Sen. Lindsey Graham (R-S.C.) said on CNN Tuesday that he wanted to see transcripts of Flynn’s calls with the Russians and figure out whether Flynn was acting at the direction of anyone else in the administration.

And Sen. Bob Corker (R-Tenn.) told HuffPost that he believes, ultimately, Flynn will have to testify before the Intelligence Committee.

Flynn resigned as Trump’s national security adviser Monday night after evidence piled up that he had discussed sanctions with Russian officials before Trump took office.

Flynn’s talk with the Russian ambassador, Sergey Kislyak, came a day before President Barack Obama’s administration announced sanctions on the Russian government after U.S. intelligence agencies concluded that top officials interfered in the 2016 elections to help elect Trump. Flynn and other Trump administration officials have consistently denied that such a conversation ever took place. But unfortunately for Flynn, there turned out to be transcripts from a wiretap of his call.

Flynn also may have violated the obscure Logan Act, which bars private citizens from interfering in foreign relations. 

The Washington Post reported that the Department of Justice had informed the administration last month that it believed Flynn had misled the administration when he said he had not discussed sanctions during the late December call. Acting Attorney General Sally Yates also said she believed Flynn was vulnerable to blackmail from the Russians because of the information he was hiding. Trump later fired Yates because she refused to defend his ban on refugees and travelers from seven majority-Muslim countries. 

Vice President Mike Pence was reportedly particularly upset by the whole affair, since he went out and publicly went on television and said Flynn had not discussed sanctions with the ambassador. Pence was further frustrated that after more details came out in recent days, Flynn blamed his faulty memory rather than fully apologize, according to The New York Times.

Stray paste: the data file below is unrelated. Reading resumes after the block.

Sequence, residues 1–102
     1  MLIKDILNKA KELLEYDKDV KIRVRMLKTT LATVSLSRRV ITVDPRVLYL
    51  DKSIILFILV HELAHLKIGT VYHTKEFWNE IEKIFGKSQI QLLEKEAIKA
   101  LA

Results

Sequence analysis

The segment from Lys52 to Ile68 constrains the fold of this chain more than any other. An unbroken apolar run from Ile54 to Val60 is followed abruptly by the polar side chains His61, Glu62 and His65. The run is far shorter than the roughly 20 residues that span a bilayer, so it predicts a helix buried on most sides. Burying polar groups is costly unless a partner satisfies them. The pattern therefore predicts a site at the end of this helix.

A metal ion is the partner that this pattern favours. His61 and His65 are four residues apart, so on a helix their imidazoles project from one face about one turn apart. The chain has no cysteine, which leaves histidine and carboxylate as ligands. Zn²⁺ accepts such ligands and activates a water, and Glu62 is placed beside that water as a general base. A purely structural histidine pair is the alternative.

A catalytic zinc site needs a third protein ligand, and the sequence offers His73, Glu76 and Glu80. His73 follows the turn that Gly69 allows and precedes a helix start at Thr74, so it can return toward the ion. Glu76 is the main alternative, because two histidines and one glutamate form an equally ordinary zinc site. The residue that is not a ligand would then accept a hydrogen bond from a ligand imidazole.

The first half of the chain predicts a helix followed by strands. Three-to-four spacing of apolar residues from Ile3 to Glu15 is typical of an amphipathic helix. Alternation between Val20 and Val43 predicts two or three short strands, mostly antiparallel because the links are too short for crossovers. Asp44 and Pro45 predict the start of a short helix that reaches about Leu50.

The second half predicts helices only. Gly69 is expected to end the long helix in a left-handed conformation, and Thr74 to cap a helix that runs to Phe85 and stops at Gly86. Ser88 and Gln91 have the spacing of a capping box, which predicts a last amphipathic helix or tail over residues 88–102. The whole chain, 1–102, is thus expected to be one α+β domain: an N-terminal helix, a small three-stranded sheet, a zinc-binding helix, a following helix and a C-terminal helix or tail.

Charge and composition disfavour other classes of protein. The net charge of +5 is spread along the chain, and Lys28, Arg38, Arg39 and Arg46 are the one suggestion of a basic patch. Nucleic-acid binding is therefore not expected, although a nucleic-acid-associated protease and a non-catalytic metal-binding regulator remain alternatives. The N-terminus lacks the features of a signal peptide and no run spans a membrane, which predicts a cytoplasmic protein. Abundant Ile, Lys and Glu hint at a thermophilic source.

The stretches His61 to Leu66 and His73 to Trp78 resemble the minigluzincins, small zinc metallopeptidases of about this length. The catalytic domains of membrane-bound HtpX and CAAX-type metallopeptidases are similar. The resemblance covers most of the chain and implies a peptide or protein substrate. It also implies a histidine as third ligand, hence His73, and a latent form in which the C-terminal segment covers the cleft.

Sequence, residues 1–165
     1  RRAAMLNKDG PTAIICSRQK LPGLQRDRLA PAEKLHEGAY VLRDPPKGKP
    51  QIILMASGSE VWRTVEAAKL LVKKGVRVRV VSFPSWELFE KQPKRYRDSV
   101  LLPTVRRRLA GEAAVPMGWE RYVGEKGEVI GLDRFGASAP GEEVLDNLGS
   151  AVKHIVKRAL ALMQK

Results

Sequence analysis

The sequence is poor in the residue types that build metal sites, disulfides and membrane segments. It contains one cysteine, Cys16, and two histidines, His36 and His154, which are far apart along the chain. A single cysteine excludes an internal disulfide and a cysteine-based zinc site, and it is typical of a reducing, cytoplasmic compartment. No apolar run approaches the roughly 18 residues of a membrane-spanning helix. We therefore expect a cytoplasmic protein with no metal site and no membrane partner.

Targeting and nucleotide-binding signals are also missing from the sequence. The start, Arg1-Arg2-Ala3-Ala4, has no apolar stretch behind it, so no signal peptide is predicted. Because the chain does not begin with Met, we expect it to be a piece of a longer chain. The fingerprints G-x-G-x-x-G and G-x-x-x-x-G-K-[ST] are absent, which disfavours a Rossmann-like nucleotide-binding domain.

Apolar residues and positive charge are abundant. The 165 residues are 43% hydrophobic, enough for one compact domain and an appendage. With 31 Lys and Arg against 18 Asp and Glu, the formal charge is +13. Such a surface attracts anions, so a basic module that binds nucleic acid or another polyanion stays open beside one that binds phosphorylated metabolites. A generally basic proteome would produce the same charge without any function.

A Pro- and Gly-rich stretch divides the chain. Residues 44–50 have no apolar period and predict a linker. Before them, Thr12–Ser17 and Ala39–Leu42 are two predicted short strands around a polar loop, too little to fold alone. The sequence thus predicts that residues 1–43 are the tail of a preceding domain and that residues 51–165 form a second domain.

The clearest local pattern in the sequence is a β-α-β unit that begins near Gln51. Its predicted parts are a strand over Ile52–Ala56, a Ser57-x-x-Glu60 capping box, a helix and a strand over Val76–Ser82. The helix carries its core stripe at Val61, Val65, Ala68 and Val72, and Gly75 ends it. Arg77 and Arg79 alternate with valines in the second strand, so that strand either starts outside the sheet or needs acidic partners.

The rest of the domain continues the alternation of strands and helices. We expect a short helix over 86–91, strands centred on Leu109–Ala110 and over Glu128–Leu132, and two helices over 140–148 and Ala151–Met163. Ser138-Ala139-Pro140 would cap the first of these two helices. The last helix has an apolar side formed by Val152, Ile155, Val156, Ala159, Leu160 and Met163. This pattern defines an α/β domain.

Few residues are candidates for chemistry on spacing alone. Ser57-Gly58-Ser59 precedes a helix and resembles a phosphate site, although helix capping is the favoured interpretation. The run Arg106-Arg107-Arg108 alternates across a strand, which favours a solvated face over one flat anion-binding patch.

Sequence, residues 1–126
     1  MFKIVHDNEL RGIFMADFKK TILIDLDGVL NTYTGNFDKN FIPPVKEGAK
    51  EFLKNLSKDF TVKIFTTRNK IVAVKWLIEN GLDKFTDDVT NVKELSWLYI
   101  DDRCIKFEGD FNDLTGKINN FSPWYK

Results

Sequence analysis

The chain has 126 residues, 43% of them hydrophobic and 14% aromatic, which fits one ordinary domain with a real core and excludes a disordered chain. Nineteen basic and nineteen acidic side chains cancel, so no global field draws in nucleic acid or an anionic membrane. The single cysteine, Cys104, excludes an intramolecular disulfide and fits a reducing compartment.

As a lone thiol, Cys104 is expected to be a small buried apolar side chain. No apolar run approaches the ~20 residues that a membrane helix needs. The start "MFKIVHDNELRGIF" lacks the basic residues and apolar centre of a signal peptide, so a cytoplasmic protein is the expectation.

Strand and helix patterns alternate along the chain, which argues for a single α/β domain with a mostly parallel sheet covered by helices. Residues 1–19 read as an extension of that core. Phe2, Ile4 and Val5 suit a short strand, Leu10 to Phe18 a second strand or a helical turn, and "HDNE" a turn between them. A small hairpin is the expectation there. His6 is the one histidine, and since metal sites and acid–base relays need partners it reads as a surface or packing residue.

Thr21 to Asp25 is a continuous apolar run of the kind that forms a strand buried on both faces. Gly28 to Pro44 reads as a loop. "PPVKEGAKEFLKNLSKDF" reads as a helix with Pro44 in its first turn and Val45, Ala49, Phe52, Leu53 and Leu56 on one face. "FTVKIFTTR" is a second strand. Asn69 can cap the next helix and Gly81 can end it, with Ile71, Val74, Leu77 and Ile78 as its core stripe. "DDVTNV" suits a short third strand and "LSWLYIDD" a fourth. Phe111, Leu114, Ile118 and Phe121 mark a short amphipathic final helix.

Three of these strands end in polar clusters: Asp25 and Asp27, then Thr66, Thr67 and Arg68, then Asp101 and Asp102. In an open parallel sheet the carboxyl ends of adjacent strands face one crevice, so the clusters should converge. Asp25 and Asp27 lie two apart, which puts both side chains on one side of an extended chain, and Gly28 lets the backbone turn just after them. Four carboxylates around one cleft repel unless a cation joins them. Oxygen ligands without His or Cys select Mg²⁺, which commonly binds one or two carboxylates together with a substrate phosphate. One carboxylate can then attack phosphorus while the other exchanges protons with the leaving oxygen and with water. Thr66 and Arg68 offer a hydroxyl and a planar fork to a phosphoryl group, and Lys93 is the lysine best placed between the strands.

Rep. Adam Kinzinger (R-Ill.) was one of the few House Republicans who initially came out forcefully against what Flynn did, saying the fact that he tried to lie about what he did was “arguably, or questionably a crime.” 

“It was a bad decision to call Russia and talk about this in the middle of, you know, the past administration determining what sanctions are going to look like. But what happened, the big problem is when he lied to the vice president,” he said on Fox News.

On Monday, Democrats on the House Oversight Committee demanded that Chaffetz either dig into the Flynn allegations or step aside and “allow the Committee to vote on conducting basic oversight going forward.”

Rep. Adam Schiff (D-Calif.), the ranking member of the House Intelligence Committee, also told his Democratic colleagues Tuesday morning that the revelations about Flynn’s conversation with the Russian ambassador are just the tip of the iceberg and that more will be coming.

Jennifer Bendery and Ryan Grim contributed reporting.

This piece was updated with Spicer’s comments.